Sitting by the window with morning coffee watching the goldfinches at the feeders I heard the wheezy, whistling song of the white-throated sparrows just below the window feeding on seeds dropped from above.  

I cracked the bottom of the window just enough to hear them more clearly.  It was all quite delightful, morning coffee and the singing of sparrows.  Morning prayer follows morning coffee, however instead of going into my study, I decided to stay where I was, continue to listen to the white throats’ song, and do daily prayer on my iPhone app.  The first reading was Leviticus 19.  My eyes fell upon verse 33:

“When an alien resides with you in your land, you shall not oppress the alien.  The alien who resides with you shall be as the citizen among you; you shall love the alien as yourself, for you were aliens in the land of Egypt: I am the Lord your God.”

No talk here of building walls, no talk here of hating or oppressing.  Simply talk about doing the right thing.  I sat with the text in silence letting it sink down into my heart, mind and soul.  Sitting there doing nothing, I realize that I was doing a lot, or maybe I should say the Spirit was doing a lot.  What I was doing was being present and listening.  

The phrase, “You shall”, is a recurring theme in  Leviticus 19.

The “You shall” directs us to action, to some sort of doing.  The text does not conjure up soft, warm inner feelings, which are often thought of as “spirituality.” Reading Leviticus is not a warm Biblical bath.  Instead it simply directs us to action.  We are to do the word.  We are to do the right thing and lest we become lazy or complacent, it reminds us of who is speaking.  “I am the Lord your God who brought you out of the land of Egypt.”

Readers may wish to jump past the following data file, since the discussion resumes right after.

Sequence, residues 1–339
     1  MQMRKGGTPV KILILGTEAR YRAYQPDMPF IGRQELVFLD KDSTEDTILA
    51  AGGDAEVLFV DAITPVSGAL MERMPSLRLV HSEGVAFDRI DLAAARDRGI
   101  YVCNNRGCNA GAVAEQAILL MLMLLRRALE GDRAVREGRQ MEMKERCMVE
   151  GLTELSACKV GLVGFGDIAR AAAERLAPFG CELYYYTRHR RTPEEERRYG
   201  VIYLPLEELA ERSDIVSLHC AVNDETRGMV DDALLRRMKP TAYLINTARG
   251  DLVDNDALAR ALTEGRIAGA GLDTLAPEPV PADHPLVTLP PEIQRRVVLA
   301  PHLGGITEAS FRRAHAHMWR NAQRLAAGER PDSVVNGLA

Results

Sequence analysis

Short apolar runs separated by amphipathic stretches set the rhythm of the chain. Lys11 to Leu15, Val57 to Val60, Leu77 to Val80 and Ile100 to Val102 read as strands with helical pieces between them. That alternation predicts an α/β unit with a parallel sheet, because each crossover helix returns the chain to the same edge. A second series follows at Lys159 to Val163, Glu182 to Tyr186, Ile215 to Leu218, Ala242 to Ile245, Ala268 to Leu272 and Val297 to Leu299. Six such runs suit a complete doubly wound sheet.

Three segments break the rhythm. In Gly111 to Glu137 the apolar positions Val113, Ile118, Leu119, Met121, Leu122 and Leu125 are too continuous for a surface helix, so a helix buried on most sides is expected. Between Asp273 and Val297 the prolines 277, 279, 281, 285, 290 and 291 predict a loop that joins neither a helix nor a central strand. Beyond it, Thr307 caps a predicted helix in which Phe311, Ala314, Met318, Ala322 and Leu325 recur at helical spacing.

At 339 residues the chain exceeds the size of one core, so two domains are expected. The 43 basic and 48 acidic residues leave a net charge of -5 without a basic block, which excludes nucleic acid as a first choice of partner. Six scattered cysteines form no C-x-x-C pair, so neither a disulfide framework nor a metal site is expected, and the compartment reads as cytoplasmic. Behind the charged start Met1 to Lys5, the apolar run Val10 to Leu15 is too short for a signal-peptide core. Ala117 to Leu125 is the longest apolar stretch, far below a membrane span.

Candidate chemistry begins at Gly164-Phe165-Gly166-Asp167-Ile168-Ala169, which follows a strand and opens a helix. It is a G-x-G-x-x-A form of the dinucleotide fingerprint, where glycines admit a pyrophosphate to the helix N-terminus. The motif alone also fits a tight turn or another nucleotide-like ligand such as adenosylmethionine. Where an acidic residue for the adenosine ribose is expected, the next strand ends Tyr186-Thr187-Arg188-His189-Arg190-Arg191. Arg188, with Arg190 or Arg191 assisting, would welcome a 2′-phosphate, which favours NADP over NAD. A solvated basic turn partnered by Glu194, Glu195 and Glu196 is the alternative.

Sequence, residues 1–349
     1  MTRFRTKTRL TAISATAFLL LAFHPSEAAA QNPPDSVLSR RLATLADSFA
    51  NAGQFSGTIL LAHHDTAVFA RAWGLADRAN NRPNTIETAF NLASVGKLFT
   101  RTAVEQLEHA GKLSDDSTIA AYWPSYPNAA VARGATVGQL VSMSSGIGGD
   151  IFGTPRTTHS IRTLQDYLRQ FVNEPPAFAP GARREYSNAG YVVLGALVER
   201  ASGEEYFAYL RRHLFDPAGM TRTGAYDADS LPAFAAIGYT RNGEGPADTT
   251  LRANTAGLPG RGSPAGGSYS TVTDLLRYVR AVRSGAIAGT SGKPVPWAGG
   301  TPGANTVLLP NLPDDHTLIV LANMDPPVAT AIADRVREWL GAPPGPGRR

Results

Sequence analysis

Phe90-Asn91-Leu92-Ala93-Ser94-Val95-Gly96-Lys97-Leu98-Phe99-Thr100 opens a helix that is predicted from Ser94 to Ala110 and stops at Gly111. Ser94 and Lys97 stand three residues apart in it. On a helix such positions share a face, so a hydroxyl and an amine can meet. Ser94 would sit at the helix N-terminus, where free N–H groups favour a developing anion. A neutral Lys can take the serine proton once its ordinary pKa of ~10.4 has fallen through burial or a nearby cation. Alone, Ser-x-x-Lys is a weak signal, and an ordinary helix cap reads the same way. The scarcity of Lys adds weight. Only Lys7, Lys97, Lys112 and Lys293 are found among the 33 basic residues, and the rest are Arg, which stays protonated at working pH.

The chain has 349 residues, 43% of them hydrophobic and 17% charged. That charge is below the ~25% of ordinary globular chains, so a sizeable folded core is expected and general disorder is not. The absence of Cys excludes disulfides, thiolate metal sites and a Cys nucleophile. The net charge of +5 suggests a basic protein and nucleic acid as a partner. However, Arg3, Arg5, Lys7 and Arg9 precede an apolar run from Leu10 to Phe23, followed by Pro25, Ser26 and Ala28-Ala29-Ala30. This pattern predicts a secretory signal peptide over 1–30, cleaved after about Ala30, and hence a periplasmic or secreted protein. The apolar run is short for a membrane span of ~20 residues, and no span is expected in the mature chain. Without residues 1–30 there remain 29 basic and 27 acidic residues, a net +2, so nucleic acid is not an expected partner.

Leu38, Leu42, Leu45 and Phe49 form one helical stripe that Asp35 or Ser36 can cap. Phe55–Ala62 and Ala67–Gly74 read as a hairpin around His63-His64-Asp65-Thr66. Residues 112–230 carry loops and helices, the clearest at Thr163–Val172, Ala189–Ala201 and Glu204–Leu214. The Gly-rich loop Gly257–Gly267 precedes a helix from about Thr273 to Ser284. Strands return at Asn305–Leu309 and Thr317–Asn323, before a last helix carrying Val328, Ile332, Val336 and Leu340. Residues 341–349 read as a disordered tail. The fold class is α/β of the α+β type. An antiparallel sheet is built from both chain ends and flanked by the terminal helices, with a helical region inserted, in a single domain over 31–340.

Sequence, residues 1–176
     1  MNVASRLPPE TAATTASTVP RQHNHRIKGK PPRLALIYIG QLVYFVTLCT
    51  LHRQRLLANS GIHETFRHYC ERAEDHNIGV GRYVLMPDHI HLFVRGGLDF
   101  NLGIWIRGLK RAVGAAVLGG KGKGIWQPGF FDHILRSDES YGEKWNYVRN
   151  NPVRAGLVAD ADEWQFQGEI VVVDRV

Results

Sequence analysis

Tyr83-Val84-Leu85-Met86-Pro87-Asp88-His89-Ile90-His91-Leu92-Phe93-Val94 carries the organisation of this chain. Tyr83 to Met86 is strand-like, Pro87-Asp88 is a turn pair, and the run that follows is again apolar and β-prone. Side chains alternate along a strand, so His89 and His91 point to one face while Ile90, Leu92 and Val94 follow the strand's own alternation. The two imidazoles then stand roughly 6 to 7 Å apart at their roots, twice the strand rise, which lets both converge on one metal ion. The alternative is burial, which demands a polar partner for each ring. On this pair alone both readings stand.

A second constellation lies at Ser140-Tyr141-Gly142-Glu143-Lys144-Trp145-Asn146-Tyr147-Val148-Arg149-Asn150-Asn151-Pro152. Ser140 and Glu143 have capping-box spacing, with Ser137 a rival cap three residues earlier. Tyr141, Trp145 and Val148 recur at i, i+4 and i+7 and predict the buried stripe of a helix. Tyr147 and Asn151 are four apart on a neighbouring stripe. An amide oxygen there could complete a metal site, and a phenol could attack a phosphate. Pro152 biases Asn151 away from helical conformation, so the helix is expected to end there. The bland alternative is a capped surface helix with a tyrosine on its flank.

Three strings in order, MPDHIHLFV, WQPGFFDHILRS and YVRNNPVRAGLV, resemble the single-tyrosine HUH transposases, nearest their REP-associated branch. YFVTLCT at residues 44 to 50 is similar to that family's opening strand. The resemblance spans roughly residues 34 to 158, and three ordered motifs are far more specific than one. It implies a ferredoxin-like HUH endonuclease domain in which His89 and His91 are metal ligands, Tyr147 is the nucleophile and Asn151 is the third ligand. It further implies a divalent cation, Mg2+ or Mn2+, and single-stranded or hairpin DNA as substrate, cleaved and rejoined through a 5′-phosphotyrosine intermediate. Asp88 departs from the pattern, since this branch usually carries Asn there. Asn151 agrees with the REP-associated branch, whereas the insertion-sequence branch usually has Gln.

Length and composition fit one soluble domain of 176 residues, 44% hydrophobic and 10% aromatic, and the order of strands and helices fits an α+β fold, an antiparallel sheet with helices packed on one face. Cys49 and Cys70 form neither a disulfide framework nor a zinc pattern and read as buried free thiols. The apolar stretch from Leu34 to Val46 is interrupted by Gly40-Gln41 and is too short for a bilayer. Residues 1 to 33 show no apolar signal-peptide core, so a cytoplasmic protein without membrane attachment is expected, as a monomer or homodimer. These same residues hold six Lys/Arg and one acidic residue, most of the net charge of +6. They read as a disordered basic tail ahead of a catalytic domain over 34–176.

Doing the word, or living out the “You shall”, is often referred to as Peacemaking, something I take seriously as a member of the Peacemaking Task Force of Albany Presbytery, and one whose focus is on Creation Care.  However when it comes to responding  to climate change, or care of the earth, it is easy to get bogged down by the enormity of the problem, perhaps  to the point of paralysis.  

What is the “You shall” in caring for the earth?  

Care of the earth comes down to acts of doing.  They can be simple things, such as writing a short email to our leaders asking them to support the Paris Climate Agreement by taking actions that reduce carbon emissions.  Beyond that, we can do many things to reduce our carbon footprint in our daily living by being mindful of our use of energy.  For more information I refer you to the hand out, Earth Day April 22nd, 2016 , which was made available at the April Presbytery meeting.  It hardly needs to be pointed out that we are living in a time when every day needs to be seen as “earth day.”  

Oh great!  One more thing to do!”

If that is your thought, and who among us has not been there, I would suggest that you not rush off to do anything.  Instead it might be helpful to remember that all real doing arises out of not doing, a “doing” of sitting in silence.  It is in  hearing the “song of the sparrow,”  being present before the richness of creation and being open to God the Creator that we are renewed and strengthened so we can hear and respond to the words of “You shall…”

About Rev. Larry Deyss, HR

Larry Deyss is Pastor Emeritus of the Delmar Presbyterian Church where he served for 30 years, a past moderator of Albany Presbytery and currently a member of the Peacemaking Task Force with a focus on environmental issues. He and his wife live in Delmar.

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